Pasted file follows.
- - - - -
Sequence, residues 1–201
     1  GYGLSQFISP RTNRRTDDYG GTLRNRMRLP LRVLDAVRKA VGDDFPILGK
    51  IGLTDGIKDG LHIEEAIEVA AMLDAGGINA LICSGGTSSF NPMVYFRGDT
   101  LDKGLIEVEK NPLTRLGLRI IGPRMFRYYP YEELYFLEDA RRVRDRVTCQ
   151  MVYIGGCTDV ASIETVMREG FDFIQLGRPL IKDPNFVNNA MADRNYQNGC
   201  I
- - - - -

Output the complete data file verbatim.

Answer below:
Sequence, residues 1–201
     1  GYGLSQFISP RTNRRTDDYG GTLRNRMRLP LRVLDAVRKA VGDDFPILGK
    51  IGLTDGIKDG LHIEEAIEVA AMLDAGGINA LICSGGTSSF NPMVYFRGDT
   101  LDKGLIEVEK NPLTRLGLRI IGPRMFRYYP YEELYFLEDA RRVRDRVTCQ
   151  MVYIGGCTDV ASIETVMREG FDFIQLGRPL IKDPNFVNNA MADRNYQNGC
   201  I